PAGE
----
Lunar Legend Tsukihime
12 30-minute episodes
You think you’ve got problems? Try being Shiki Tonho for an afternoon. for one thing, he’s having to move back to the family estate after the death of his father, meeting his sister for the first time since they were kids. For another, there’s a series of strange murders going on after dark in the area. And for another, he’s just zoned out and awoken in a pile of a girl he doesn’t recall dismembering for some reason.
Yeah, I’d say he’s got you beat.
Y’see, Shiki is blessed with suck. He has what is known as the Mystic Eyes of Death Perception. Dumb name, I know, but hear me out. What this does is let him see lifelines as a physical presence. Everything has them – you, me, cats, dogs, chairs, running all over us like scribbles. By running his trusty knife along these lines, he can effectively ‘kill’ the object, no matter what it is. Still doesn’t sound too great? Try imagining what would happen if he tried doing it to a block of steel. Or a building. Or the Earth.
As the story opens, Shiki is trying to get accustomed to his new life with his almost needlessly strict sister and their two maids. While taking some time out at a nearby park, he spaces out as a young woman passes by. When next he wakes up, he discovers he’s sliced her to pieces and, unsurprisingly, freaks the fuck out. When there’s no news of any dismembered women on the TV, he heads back to make sure it wasn’t a dream. He’s a little surprised when he not only meets the woman again, but she then proceeds to tell him, in great detail no less, exactly how he carved her up into 17 neat pieces. It turns out the woman, Arcueid Brunestud – Arc for short – is a vampire, and was on the hunt for another before Shiki sidetracked her into little pieces. As penance, she asks him to help her, since there’s no way she’d be able to stand up to her quarry in her weakened state, and he is somewhat responsible for her current predicament. Feeling just a little guilty, Shiki agrees, and soon realises that absolutely no one around him is exactly what they seem.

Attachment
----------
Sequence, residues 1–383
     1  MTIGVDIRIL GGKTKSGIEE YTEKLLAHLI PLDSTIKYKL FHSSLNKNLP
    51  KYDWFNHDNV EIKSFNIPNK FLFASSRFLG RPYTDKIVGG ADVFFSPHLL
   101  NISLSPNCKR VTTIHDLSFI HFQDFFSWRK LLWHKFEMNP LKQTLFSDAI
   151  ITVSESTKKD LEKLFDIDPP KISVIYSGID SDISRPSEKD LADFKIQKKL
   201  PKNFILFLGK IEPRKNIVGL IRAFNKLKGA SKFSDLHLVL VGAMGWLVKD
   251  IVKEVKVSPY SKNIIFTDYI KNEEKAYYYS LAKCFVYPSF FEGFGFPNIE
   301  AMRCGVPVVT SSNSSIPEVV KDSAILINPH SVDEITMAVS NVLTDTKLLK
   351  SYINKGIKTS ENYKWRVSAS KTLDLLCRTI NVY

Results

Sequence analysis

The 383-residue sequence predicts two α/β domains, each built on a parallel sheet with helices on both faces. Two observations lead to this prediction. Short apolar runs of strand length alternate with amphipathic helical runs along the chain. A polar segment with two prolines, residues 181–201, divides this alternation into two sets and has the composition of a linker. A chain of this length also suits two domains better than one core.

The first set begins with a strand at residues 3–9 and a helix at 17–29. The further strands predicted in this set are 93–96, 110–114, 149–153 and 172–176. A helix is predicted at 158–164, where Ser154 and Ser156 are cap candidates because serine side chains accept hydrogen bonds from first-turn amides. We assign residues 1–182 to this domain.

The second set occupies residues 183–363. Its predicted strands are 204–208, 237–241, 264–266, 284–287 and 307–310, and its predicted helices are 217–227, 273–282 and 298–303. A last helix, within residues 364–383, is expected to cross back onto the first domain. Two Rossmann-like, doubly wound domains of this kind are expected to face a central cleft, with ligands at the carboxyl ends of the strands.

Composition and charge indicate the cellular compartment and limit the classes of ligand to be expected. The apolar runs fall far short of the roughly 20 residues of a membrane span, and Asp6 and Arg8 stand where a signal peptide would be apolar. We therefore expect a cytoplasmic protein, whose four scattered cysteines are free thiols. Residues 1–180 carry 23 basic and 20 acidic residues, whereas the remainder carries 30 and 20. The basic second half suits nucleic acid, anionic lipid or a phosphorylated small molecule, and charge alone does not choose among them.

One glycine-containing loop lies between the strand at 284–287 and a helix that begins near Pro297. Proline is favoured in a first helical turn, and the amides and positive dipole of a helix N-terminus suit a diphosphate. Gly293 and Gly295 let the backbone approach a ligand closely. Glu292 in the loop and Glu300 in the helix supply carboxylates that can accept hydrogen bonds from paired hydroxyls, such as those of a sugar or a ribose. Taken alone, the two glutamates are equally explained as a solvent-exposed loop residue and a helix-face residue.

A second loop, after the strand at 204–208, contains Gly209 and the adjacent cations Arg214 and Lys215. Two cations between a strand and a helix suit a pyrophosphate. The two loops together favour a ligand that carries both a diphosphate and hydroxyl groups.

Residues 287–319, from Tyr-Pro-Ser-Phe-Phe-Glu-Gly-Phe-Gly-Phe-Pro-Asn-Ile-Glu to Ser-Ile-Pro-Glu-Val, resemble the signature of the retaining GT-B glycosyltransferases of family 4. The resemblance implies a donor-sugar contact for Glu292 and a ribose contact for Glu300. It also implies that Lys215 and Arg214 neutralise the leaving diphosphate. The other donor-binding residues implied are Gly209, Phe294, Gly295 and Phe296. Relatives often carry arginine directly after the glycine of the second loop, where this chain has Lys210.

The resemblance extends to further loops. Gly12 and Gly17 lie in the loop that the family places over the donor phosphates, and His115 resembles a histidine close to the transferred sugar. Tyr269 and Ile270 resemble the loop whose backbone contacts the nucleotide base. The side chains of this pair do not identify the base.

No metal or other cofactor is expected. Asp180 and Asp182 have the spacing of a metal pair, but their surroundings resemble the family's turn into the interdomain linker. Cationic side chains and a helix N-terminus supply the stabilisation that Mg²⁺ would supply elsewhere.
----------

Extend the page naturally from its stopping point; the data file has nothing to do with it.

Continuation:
Tsukihime is part of the larger Type-Moon universe. If the name sounds familiar, it’s probably because you’ve encountered it in the better-known Fate/Stay Night series, or the Melty Blood fighting games. Or at the very least, the phrase “A CAT IS FINE TOO‘ All of these take place in the same shared universe, though, Melty Blood aside, there’s very little crossover between them. Tsukihime was one of the first projects in this shared universe, and began life as a visual novel. The game, started as a simple piece of amateur work, quickly gained in popularity, becoming one of the most popular games of its kind, even compared to more professional commercial games. Japan being what it is, the game was swiftly snapped up and a manga and anime produced alongside it.